By Kevin D. Williamson –
I’d never heard the name Max Kohl until a few hours ago. But I like the guy.
Kohl’s, the department store he founded, is looking to hire some 52,000 or so people in the coming months — good news for job-seekers across the country. The downside is that these are seasonal jobs for the holidays, but the more interesting fact is that the number of seasonal employees the store is seeking is up 10 percent over last year, a very good indicator of the firm’s expectations for the all-important holiday retailing season, and a good indicator in general.
But expanding operations is not easy. It requires, in a word, capital. Lots of it. Tons of it. Where did Kohl’s get the capital to do this? As it turns out, Mitt Romney had something to do with it.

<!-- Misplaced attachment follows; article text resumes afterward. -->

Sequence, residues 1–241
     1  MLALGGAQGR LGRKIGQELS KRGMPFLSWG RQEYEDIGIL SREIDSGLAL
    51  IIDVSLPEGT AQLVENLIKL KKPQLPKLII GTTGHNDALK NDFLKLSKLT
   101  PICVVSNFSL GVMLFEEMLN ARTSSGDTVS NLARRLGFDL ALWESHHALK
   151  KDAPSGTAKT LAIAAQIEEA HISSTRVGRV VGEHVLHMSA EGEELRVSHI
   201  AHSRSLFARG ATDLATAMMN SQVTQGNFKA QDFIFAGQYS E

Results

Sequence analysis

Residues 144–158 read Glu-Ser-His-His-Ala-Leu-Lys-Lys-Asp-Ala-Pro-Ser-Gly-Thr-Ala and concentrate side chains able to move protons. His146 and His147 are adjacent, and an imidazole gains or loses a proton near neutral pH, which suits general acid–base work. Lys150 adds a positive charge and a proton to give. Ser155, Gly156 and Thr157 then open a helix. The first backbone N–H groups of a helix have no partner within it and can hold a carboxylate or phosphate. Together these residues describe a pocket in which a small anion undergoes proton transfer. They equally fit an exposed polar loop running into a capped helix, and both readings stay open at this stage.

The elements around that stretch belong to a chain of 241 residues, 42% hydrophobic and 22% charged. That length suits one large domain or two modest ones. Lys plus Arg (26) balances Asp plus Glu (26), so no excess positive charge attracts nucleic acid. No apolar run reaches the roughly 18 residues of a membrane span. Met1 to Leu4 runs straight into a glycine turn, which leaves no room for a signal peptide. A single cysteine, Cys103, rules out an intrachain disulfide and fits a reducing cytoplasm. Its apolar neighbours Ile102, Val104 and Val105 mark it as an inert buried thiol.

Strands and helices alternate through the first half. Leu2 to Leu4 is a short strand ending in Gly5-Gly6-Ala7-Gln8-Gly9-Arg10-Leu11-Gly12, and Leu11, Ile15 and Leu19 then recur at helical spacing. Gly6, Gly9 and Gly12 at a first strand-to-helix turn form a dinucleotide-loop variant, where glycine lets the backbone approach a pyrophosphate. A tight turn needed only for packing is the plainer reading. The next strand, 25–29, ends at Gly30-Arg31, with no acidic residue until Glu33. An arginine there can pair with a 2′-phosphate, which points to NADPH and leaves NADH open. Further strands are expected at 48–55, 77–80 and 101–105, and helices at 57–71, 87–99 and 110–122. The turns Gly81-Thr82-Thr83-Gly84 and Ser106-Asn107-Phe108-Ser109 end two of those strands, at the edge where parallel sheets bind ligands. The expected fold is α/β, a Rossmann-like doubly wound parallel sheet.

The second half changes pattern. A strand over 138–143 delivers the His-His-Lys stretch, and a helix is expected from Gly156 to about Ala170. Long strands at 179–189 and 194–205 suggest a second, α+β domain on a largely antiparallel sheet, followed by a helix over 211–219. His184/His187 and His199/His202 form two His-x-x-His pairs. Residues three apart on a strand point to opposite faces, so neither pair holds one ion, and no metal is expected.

Kohl’s is a typical American success story: Max Kohl, a Jew born in Poland in 1901, decides that there’s a richer future for him in the United States than in Poland. He ends up in Milwaukee. He starts a grocery store. He does this in 1929, incidentally — not the best year in American history to launch a new business. But he weathers the Depression, adds a store, then another, and by the 1960s he’s the owner of the state’s largest grocery-store chain, employing more than 5,000 people. He then does the same thing all over again with a chain of department stores. And if you’re building department stores, why not build the shopping centers they’re located in? So he does that, too, and pretty soon he has so much real estate that he has to start a real-estate company to keep up with things. On top of having more real estate than he can keep up with, he has more money than he can keep up with, so he gives wagon-trains of it to Brandeis University, the Jewish National Fund, and a bunch of local charities and religious groups. By the time of his death at 80 he had, like so many immigrants, made more of the opportunities afforded to Americans than most sons of the soil do. Well done, Max Kohl.